Between Destruction and Desertification. Heidegger’s Thought around WWII

Luca Di Blasi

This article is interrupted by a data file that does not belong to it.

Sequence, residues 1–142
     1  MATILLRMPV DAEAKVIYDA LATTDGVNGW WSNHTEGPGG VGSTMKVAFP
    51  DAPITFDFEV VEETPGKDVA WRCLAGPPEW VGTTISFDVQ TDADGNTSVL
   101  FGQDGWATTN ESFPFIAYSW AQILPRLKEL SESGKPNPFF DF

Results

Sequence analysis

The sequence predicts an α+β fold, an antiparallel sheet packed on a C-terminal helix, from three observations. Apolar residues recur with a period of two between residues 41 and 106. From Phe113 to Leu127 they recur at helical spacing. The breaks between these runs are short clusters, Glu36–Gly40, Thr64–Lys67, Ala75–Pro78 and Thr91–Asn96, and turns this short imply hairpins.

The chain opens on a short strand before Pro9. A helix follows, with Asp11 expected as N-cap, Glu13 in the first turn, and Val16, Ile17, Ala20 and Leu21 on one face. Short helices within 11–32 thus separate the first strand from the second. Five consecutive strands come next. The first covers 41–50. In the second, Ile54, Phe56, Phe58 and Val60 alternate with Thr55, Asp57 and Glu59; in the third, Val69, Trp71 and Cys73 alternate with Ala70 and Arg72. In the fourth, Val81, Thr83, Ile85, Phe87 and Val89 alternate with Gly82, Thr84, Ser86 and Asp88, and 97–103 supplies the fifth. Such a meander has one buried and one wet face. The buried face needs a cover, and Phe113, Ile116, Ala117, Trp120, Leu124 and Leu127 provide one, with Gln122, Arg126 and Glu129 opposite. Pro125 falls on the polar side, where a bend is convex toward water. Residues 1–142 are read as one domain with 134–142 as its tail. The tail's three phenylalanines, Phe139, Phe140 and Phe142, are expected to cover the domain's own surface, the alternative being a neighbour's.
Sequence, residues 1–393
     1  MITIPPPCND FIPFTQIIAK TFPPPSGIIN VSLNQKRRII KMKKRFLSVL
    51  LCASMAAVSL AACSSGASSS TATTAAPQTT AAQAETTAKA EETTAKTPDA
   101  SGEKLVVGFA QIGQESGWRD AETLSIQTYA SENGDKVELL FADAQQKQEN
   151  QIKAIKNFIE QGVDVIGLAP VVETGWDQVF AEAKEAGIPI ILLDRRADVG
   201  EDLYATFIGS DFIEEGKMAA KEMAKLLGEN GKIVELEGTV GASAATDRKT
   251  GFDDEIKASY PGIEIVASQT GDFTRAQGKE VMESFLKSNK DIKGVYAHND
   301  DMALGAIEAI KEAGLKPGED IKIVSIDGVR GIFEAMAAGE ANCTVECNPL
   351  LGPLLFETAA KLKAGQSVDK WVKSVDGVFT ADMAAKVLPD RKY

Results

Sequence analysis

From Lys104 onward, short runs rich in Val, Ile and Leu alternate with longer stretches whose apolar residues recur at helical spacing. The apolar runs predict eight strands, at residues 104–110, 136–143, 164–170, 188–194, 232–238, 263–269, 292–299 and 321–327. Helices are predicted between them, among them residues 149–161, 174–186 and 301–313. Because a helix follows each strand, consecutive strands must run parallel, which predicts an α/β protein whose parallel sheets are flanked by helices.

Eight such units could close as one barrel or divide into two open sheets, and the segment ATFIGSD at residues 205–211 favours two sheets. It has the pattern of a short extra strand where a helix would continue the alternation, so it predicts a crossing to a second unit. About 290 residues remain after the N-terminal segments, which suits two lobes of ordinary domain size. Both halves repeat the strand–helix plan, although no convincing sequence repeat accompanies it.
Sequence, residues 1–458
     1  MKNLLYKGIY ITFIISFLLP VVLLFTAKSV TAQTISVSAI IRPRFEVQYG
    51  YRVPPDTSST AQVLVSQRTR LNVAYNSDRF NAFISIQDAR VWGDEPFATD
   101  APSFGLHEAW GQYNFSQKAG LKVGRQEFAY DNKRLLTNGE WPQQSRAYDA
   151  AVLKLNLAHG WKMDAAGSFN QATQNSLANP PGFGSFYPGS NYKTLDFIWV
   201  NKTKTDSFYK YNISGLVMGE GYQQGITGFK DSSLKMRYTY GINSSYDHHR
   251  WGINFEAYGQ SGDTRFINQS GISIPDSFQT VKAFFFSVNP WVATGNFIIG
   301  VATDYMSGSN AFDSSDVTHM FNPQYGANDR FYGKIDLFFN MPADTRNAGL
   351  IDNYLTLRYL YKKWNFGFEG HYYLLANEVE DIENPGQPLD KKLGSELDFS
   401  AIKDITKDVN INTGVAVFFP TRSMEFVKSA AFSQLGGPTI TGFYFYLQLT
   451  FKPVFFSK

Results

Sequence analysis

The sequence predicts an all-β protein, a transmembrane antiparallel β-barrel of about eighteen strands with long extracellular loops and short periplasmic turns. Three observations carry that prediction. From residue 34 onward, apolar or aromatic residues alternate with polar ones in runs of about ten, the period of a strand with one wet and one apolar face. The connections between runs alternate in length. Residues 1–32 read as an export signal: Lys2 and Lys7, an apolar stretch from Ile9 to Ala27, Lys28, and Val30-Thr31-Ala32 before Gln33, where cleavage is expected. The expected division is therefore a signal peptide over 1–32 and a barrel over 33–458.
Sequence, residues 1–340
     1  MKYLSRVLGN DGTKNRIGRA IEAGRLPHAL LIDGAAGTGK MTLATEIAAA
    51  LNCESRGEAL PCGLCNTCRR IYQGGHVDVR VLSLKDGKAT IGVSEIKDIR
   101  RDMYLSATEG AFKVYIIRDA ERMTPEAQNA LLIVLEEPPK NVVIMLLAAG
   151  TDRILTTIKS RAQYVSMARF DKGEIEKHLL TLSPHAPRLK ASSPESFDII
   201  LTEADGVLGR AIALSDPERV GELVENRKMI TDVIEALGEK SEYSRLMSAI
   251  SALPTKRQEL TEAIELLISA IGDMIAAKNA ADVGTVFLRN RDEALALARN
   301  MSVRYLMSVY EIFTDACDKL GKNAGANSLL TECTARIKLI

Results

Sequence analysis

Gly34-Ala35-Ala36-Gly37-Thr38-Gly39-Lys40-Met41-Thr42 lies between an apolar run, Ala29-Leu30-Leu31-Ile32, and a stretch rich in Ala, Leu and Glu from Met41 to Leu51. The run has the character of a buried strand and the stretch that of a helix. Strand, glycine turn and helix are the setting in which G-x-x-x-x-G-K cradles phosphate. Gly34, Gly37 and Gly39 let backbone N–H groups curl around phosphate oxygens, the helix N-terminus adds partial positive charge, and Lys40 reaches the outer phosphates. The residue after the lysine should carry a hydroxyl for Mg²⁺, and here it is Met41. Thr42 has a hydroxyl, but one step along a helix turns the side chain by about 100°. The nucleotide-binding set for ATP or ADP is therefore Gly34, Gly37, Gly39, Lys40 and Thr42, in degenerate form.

Destruction and novelty are deeply connected in Heidegger’s thought, especially between the late 20’s and the 40’s, when he developed his “history of Being“ (“Seinsgeschichte”). Heidegger distinguished (initially in a messianic, finally in a dualistic and antagonistic way) destruction as condition of possibility for “another beginning” (event) from a “desertification” (“Verwüstung”) as nihilistic and destructive tendency leading to the /impossibility /of any decision and the lost of a real novelty. His Antisemitism of the late 30’s and 40’s was associated with it. Confusingly, his radical separation of a positive and negative destruction went hand in hand with a difficulty to distinguish one from another. This difficulty is reflected in Heidegger’s struggle with Nietzsche and National Socialism in the years around 1938. In my talk, I will focus on this uncertainty and its philosophical and political aspects.